It wasn't uncommon for big-bank ceos to talk about the importance of IT to their operations--at least, back when they still had operations worth talking about.
They hired top CIOs, integrated them closely with the business and paid them CFO-level salaries. And why not? Banks pushed electronic representations of money around the world via lightning-fast networks and powerful computers, calculating risk, interest and profit with every transaction. In this way, financial firms sometimes resemble IT companies with a clever marketing twist.
So, if IT was so important, was it part of the problem? Could better IT have saved Citigroup, the financial-services supermarket that's now being sold off in parts, or the Wall Street firms that crumbled?
At Citigroup, many blame former CEO Sandy Weill for inadequate tech spending and integration of acquired companies. And the issues go far beyond routine business performance.
"Information technology by itself could have done nothing," says Douglas McKibben, research vice president of banking at Gartner Industry Advisory Services. "But IT plays a very important and proactive role in risk management, and it supports the business efforts to understand risk exposure."
Citigroup went on a mergers-and-acquisitions tear in the last decade, but information systems were never sufficiently integrated. CEO Vikram Pandit admitted that each of the businesses was operating with its own back office. According to Bloomberg News, Pandit told investors and analysts last May that Citigroup had "140,000 people in IT and operations ... 16 database standards ... 25,000 developers. This results not only in waste, but doesn't give us any opportunity to leverage our organization."
There are a couple of different things Pandit probably meant by "leverage our organization." For one thing, Citigroup failed to achieve the coveted "single view of the customer," which would have enabled its far-flung branches and businesses to bundle its products and services. But it's likely that Pandit was also referring to achieving the slightly lesser-known "single view of the operational risk profile for a humungous global bank investing in complex financial derivatives."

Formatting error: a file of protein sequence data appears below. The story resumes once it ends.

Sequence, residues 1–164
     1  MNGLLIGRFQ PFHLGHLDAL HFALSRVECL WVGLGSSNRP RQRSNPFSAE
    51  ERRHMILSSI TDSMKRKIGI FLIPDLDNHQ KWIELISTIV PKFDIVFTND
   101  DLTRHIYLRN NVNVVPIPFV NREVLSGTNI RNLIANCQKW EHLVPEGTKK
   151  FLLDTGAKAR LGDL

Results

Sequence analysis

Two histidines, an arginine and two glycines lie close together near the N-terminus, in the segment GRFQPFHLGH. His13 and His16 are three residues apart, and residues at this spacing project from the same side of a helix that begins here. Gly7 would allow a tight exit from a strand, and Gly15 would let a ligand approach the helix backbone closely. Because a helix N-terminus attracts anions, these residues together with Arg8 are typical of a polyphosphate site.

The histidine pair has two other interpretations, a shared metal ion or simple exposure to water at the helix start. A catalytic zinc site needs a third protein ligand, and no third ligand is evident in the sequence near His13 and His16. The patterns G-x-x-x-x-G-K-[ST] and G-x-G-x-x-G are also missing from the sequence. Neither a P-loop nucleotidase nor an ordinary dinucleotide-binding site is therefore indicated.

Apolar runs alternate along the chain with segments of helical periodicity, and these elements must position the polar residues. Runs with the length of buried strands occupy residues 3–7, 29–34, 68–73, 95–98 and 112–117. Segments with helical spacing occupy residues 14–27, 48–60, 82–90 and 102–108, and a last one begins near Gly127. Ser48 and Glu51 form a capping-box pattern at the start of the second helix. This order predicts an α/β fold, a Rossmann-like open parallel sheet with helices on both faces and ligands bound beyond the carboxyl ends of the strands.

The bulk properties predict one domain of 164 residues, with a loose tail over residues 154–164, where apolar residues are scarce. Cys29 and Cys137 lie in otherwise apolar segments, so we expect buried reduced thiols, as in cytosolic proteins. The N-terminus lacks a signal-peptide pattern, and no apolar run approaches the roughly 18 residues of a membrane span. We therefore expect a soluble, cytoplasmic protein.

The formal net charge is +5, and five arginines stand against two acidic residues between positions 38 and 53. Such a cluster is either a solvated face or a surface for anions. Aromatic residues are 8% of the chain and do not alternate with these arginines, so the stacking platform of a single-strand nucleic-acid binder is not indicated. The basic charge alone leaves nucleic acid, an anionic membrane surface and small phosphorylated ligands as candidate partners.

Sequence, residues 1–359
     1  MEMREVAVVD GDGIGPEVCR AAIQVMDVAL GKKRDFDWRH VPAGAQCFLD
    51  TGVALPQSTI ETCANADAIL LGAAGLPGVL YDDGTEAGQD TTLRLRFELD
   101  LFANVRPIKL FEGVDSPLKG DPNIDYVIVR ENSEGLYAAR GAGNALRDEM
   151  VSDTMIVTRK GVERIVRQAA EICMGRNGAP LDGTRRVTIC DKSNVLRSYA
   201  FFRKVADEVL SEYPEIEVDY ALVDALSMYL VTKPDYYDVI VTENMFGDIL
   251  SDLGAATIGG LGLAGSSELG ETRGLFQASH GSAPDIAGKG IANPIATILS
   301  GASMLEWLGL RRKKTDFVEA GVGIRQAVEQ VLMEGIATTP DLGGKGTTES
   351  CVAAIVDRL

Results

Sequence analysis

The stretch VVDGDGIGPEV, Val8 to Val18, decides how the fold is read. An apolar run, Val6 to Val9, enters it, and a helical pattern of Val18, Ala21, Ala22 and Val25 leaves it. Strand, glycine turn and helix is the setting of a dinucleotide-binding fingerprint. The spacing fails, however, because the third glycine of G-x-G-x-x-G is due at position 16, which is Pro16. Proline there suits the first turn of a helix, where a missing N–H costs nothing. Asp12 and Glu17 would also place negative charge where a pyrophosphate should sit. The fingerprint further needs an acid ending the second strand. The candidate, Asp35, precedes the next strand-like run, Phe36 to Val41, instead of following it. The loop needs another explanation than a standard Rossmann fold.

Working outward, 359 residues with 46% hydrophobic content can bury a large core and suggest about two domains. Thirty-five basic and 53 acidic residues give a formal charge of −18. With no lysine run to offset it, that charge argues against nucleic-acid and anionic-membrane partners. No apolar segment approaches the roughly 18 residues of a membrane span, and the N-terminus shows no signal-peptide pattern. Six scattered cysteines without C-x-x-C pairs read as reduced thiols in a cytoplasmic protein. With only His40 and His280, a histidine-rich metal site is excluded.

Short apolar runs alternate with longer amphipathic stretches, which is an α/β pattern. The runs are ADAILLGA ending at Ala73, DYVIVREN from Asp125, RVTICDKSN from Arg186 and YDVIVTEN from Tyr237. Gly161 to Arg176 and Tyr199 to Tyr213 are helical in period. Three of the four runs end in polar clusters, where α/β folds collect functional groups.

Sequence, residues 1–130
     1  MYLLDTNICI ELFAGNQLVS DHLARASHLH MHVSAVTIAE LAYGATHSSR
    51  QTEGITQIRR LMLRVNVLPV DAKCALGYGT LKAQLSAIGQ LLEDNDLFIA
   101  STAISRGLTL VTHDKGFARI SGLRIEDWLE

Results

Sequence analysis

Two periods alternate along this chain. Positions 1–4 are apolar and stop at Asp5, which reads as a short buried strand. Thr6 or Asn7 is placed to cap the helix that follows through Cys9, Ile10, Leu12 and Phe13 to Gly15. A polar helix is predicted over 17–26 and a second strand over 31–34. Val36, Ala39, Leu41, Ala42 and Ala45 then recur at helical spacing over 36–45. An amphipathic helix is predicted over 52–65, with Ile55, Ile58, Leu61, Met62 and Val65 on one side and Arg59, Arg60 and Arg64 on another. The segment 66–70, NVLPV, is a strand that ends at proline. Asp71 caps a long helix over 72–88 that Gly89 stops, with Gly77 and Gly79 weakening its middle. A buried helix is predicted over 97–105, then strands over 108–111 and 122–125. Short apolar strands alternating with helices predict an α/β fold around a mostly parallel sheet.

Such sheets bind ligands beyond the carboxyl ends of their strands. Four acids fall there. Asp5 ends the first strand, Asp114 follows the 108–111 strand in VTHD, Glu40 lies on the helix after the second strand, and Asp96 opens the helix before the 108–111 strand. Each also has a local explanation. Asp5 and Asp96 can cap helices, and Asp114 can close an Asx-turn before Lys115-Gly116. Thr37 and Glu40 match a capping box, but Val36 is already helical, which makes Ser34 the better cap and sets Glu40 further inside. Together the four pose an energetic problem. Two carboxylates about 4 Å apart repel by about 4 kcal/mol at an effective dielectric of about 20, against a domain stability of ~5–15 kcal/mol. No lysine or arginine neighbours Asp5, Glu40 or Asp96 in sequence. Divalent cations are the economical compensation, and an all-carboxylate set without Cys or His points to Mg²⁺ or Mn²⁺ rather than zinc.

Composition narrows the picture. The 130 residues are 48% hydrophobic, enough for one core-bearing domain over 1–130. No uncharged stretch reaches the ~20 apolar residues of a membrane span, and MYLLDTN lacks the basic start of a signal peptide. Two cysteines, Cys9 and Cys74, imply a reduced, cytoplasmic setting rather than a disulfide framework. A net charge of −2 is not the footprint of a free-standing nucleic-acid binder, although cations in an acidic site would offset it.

A comprehensive view of risk across the enterprise could have raised the necessary red flags. In this way, IT could have at least mitigated the damage. However, for that risk analysis to make a difference, decision makers would have had to trust it and act on it.
McKibben believes that processes and operations on Wall Street are more to blame than IT for the financial meltdown. Trading risky mortgage-backed securities had little to do with IT systems--it had to do with a failure of operational oversight. But going forward, IT will have a critical role to play in preventing this kind of widespread failure from happening again.
For one thing, good enterprise risk management requires a holistic view of the enterprise. Standardized data input from across business lines and geographies is critical for any global business.
In this way, IT can force fiscal rigor by requiring that each transaction include complete data that passes a certain risk threshold. Linking risk data with other information--such as compliance, revenue and customer data--is also important.
Perhaps nothing could have saved Citigroup once it joined the feeding frenzy that drew in so many other banks. But with better visibility and reliable risk data, perhaps we won't have to feel this kind of pain again for at least a few years.